Frequency of animal-based proteins (chicken, turkey) −1.642 0.001
Frequency of plant-based proteins (beans, lentils) 1.692 <0.001
Days of moderate to strenuous intensity exercise 0.267 0.301
Minutes of moderate to strenuous intensity exercise −0.533 0.006
Days of strength/resistance training exercise per week 0.400 0.028
Cooking meals 0.067 0.334
Time spent cooking in a day 0.167 0.504
Cooked meals in a day 0.250 0.275
Number of cooked meals for other people 0.071 0.690
Enjoy cooking 0.583 0.170
Cook for myself −0.083 0.339
Difficulty associated with transition to plant-based diet 1.358 0.007
Willingness to permanently adopt a plant-based diet −0.267 0.383
Willingness to continue with diet/exercise programs 0.200 0.510
The questionnaire responses showed that the mostly plant-based diet program had a positive impact on diabetic patients. Participants reported lower fatigue levels and increased weekly exercise. The majority of the participants rated the effectiveness of the program as 5/5. Considering these results from the primary and secondary endpoints, we conclude that this plant-based dietary program may be beneficial to all diabetic patients of UCF Health and consideration should be made towards group diabetes sessions which would benefit all interested in making healthier choices with diet. Furthermore, the possibility of having larger scale trials looking at type 1 diabetes subjects and benefits as noted with type 2 diabetes subjects as well. This also brings to light the fact that well planned vegetarian and vegan diets rich in fiber and low in glycemic index and fat can have far ranging benefits which would help revise ADA guidelines in terms of recommending such diets to all diabetic populations.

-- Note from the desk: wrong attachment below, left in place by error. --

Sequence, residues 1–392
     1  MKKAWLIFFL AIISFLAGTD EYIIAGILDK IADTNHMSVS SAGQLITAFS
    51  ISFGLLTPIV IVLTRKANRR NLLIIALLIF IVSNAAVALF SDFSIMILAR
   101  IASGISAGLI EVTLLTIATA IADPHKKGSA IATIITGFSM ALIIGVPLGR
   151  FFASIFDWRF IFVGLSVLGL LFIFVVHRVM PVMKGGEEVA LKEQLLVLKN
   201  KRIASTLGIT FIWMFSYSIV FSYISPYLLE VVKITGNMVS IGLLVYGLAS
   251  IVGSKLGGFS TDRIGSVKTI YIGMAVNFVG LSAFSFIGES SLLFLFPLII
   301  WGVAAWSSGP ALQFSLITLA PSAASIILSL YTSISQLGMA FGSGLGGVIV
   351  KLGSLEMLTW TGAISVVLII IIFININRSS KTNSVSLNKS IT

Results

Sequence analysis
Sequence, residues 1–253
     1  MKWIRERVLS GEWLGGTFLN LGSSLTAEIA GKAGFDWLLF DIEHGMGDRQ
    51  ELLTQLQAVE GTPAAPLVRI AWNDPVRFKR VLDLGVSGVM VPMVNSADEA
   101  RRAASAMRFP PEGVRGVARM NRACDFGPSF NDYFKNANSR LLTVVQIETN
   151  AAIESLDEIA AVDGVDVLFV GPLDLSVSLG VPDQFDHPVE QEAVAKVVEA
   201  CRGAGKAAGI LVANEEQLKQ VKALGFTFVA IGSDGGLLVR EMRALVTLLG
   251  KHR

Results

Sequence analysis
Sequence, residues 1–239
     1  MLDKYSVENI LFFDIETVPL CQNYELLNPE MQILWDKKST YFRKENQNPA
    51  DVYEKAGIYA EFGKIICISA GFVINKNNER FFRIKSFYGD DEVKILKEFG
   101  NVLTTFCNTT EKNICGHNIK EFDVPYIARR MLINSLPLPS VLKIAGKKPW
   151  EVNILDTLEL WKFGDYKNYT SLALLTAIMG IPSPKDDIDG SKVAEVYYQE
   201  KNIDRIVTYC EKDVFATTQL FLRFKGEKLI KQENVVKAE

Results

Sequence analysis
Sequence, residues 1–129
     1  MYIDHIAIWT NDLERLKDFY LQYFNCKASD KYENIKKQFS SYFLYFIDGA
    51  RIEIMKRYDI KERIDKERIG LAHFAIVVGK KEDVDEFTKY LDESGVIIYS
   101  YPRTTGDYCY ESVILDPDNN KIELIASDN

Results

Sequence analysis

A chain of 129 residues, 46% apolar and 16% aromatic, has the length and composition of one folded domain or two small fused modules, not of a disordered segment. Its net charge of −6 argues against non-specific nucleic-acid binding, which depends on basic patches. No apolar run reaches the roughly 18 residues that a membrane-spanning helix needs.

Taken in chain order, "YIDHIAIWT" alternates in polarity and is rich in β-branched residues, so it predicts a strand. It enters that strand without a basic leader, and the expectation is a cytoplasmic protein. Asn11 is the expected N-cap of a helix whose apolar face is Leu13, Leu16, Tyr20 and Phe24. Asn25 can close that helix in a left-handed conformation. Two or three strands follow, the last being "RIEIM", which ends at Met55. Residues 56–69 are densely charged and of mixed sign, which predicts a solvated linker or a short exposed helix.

References

  1. Centers for Disease Control and Prevention; US Department of Health and Human Services. National Diabetes Statistics Report, 2020; Centers for Disease Control and Prevention, US Department of Health and Human Services: Atlanta, GA, USA, 2020.
  2. Rubino, F.; Amiel, S.A.; Zimmet, P.; Alberti, G.; Bornstein, S.; Eckel, R.H.; Mingrone, G.; Boehm, B.; Cooper, M.E.; Chai, Z.; et al. New-Onset Diabetes in Covid-19. N. Engl. J. Med. 2020, 383, 789–790.